Congressional Democrat Corruption Update
The West Virginia High Tech Consortium has provided more than $75,000 in free rent and administrative services to the Robert H. Mollohan Family Charitable Foundation, according to tax records, while receiving millions of dollars worth of earmarks from Rep. Alan Mollohan (D-W. Va.), who serves as the family foundation’s secretary.
The West Virginia High Technology Consortium Foundation is a nonprofit organization that Mollohan helped establish in the 1990s to bring high-tech jobs and training to his district in northern West Virginia. Mollohan has provided the WVHTC with millions of dollars of earmarks from his seat on the House Appropriations Committee. According to documents from an ongoing court case, Mollohan has been intimately involved in some of the organization’s major management decisions.
The Robert H. Mollohan foundation is a charity the family created in 2000 that provides small grants and internship opportunities to local students. It operates out of a building bearing Alan Mollohan’s name that is run by the WVHTC.
Neither Mollohan’s office nor the WVHTC responded to repeated requests from Roll Call for comments on this story.
Over the course of the past decade, Rep. John P. Murtha has earmarked millions of dollars for the Electro-Optics Center at Penn State University — money that has, in turn, gone to clients of the PMA Group, the Murtha-linked lobbying shop that was raided in November as part of a federal criminal probe.
Founded in 1999 as a joint enterprise run by Penn State and the Office of Naval Research, the EOC promotes electronic research needed for state-of-the-art military equipment.
But sources familiar with the EOC’s operations say Murtha has used the center as a “front” for PMA and other lobbyists and contractors with ties to the Pennsylvania Democrat.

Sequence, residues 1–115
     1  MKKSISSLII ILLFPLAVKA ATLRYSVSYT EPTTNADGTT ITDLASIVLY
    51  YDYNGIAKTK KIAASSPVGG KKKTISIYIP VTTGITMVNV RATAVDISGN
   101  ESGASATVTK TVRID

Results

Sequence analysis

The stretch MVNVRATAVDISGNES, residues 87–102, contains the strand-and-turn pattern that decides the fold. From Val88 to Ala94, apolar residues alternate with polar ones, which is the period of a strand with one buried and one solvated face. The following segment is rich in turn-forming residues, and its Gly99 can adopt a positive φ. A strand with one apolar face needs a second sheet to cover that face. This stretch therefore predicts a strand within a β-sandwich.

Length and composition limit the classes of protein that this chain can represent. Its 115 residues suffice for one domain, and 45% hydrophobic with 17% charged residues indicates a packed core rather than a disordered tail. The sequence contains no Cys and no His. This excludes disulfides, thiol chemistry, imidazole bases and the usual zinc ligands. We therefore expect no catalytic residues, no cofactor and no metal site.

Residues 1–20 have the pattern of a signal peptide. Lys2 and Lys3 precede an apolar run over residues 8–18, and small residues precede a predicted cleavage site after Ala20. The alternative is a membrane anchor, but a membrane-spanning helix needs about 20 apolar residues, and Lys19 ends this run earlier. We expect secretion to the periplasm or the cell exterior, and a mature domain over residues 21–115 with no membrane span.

Top banking regulators were taken aback late last year when a California congresswoman helped set up a meeting in which the chief executive of a bank with financial ties to her family asked them for up to $50 million in special bailout funds, Treasury officials said.
Representative Maxine Waters, Democrat of California, requested the September meeting on behalf of executives at OneUnited, one of the nation’s largest black-owned banks. Ms. Water’s husband, Sidney Williams, had served on the bank’s board of directors until early last year and has owned at least $250,000 in stock in the institution. Treasury officials said the session with nearly a dozen senior banking regulators had been intended to allow minority-owned banks and their trade association to discuss the losses they had incurred from the federal takeover of Fannie Mae and Freddie Mac. But Kevin Cohee, OneUnited’s chief executive, instead seized the opportunity to plead for special assistance for his bank, federal officials said.
“Here you had a tiny community bank that comes in and they are not proposing a broader policy — they were asking for help for themselves,” said Steve Lineberry, a former Treasury aide who attended the meeting. “I don’t remember that ever happening before.”
Ms. Waters declined on Tuesday to comment on the meeting.
That’s just in the last 24 hours.